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Amitraz-impregnated collars to prevent Borrelia transmission
It happens every spring: the tick season strarts, and many owners come and ask for effective protection aganist ticks and tick-transmitted diseases. Is an amitraz-impregnated collar effective enough to prevent the transmission of Borrelia?

This study tries to determine whether an amitraz-impregnated collar could prevent transmission of Borrelia burgdorferi by Ixodes scapularis to dogs. 8 specific-pathogen-free Beagles were included in this laboratory study.

On days -15 and -1, all dogs had negative ELISA results for serum antibodies against B. burgdorferi.
On day 0, 4 dogs were each fitted with an amitraz-impregnated (9%) collar, and 4 dogs served as untreated controls.
On day 7, all dogs were infested with 100/scapularis (approx 50 females and 50 males) with a known B. burgdorferi infectivity rate of 39.4%.

On days 21, 28, 35, 42, 56, 70, and 84, each dog was tested for serum antibodies against B. burgdorferi via ELISA and a western blot technique. Additional ELISA were also performed for serum antibodies against antigenically similar organisms.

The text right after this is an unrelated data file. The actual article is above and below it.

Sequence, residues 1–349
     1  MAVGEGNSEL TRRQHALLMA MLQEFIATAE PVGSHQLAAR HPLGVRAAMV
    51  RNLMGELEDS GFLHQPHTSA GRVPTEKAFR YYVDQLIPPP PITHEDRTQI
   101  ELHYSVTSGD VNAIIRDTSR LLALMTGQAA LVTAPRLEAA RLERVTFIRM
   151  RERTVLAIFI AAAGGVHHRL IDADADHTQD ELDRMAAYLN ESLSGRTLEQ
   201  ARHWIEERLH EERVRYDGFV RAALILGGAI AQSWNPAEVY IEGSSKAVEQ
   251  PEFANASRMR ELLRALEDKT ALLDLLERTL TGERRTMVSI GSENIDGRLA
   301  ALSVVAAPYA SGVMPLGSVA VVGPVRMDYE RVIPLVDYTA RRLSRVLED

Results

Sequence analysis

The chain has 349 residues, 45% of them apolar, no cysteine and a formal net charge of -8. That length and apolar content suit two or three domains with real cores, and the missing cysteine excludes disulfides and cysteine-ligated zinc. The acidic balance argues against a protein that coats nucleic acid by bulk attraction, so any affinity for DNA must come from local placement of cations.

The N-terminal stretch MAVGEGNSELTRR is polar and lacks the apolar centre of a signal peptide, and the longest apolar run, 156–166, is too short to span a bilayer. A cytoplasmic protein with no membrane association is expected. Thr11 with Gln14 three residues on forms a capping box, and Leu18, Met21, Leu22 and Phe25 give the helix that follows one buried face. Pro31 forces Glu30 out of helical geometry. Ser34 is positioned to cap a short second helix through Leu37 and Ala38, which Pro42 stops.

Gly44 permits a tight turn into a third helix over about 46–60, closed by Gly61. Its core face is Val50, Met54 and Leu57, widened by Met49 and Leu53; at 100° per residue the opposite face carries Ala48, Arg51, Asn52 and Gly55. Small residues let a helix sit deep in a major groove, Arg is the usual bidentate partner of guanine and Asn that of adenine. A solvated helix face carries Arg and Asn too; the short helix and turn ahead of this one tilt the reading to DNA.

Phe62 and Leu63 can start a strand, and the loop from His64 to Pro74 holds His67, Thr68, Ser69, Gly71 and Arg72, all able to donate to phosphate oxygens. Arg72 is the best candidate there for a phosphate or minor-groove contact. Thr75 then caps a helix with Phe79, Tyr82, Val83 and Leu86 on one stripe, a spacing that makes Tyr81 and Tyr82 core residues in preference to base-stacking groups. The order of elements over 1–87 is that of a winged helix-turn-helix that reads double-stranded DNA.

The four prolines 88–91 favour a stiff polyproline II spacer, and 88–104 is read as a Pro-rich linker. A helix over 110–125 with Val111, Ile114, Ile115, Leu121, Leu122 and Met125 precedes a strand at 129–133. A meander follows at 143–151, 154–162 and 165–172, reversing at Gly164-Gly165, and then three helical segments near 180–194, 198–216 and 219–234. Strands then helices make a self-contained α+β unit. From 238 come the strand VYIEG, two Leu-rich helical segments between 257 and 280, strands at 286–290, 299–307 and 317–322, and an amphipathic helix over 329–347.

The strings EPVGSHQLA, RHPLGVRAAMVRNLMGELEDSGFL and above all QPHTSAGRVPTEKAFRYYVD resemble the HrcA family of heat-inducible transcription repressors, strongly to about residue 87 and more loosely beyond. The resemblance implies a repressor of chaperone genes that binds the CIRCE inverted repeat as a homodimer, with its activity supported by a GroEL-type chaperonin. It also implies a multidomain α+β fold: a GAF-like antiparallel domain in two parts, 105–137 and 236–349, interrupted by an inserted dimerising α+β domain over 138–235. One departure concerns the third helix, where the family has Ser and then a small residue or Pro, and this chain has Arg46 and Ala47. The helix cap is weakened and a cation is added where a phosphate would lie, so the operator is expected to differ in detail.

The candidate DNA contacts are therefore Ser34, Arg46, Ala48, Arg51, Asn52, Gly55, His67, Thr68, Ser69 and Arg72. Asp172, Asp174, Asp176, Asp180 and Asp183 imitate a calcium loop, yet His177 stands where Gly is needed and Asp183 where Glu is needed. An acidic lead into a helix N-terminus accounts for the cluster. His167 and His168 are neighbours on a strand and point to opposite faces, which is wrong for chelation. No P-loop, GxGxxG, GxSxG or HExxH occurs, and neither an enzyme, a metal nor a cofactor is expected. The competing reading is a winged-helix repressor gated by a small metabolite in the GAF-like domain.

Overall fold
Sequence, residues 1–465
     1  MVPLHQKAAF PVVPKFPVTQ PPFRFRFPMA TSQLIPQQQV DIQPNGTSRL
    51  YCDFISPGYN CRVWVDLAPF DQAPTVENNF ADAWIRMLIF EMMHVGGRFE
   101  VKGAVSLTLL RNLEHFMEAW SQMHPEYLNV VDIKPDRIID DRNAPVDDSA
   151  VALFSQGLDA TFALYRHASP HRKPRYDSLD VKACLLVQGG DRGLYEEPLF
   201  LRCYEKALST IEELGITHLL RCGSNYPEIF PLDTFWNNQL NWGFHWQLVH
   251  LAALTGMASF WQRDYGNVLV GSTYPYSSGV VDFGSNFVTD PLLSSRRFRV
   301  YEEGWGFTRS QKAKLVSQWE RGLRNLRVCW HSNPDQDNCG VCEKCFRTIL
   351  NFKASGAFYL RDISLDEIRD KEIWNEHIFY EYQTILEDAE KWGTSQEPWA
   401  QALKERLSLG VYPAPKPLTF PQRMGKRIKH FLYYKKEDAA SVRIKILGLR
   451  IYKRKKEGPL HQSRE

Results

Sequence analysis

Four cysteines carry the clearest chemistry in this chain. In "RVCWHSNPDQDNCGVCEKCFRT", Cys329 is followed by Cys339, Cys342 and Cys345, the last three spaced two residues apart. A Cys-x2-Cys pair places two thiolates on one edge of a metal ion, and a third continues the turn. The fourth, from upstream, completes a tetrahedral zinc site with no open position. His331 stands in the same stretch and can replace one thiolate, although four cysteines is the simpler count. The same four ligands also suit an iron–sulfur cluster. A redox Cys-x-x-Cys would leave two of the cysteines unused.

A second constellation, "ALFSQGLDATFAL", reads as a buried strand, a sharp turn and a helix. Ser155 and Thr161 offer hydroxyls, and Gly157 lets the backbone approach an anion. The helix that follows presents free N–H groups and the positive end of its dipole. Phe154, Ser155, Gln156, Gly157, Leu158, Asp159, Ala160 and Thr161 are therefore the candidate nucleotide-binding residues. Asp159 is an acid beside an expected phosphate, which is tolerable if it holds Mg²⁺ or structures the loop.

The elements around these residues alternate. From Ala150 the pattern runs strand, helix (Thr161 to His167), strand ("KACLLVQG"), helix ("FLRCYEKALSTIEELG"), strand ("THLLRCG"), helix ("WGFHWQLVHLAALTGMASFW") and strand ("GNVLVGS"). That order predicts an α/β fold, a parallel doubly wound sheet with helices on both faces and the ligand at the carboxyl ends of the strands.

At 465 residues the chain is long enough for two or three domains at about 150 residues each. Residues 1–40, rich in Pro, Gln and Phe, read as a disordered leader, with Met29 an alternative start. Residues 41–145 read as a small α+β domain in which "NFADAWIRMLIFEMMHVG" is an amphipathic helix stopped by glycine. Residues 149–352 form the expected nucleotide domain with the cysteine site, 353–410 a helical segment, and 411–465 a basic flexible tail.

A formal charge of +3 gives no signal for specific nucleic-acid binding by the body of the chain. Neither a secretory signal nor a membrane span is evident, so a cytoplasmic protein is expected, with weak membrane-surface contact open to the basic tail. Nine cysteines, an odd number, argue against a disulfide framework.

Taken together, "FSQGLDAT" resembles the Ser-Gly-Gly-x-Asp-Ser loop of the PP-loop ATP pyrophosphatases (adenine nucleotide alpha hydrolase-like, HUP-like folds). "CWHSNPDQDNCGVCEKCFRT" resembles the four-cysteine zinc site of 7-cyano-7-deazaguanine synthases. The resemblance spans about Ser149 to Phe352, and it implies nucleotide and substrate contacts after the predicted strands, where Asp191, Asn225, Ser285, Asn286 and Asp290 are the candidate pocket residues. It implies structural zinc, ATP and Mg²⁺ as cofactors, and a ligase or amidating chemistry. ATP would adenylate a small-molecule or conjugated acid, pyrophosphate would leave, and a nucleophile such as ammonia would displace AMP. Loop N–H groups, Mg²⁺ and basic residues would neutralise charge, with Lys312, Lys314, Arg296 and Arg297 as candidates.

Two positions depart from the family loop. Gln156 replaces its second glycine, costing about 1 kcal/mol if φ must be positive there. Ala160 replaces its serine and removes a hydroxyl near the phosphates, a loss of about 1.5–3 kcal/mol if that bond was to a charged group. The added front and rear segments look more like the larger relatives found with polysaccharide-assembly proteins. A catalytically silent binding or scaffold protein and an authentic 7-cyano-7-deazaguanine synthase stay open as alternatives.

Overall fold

By day 70, all control dogs had developed serum ELISA responses ranging from 328 to 510 kinetics-ELISA units (equivalent to end-point titers of approx 43,500 to 60,000),whereas treated dogs remained seronegative throughout the study. Western blot assays performed on all serum samples confirmed that antibodies detected in control dogs reflected responses to specific antigens of B. burgdorferi, whereas treated dogs had no such antibodies. Additional serologic analyses confirmed that antibody responses observed in control dogs were not attributable to antigenically similar organisms.

Amitraz-impregnated collars prevented transmission of B. burgdorferi in 4 of 4 treated dogs and may be a useful management tool for prevention of borreliosis in dogs.

Source: Elfassy OJ, Goodman FW, Levy SA, Carter LL (2001): Efficacy of an amitraz-impregnated collar in preventing transmission of Borrelia burgdorferi by adult Ixodes scapularis to dogs. In: J Am Vet Med Assoc 2001 Jul 15;219(2):185-9




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SMALL ANIMAL PRACTICE

Reference intervals for blood parameters in Shetland Sheepdogsmembers
Several breeds have physiological peculiarities that induce variations in reference intervals (RIs) compared with the general canine population. Shetland sheepdogs (SSs) are reported to be more predisposed to different diseases (eg, hyperlipidemia, gallbladder mucocele, and hypothyroidism). Consequently, a breed‐specific approach is more often required. Thus, the aim of this study was to determine whether the RIs of the general canine population could be applied to that of SSs, and to generate breed‐specific RIs, where appropriate.

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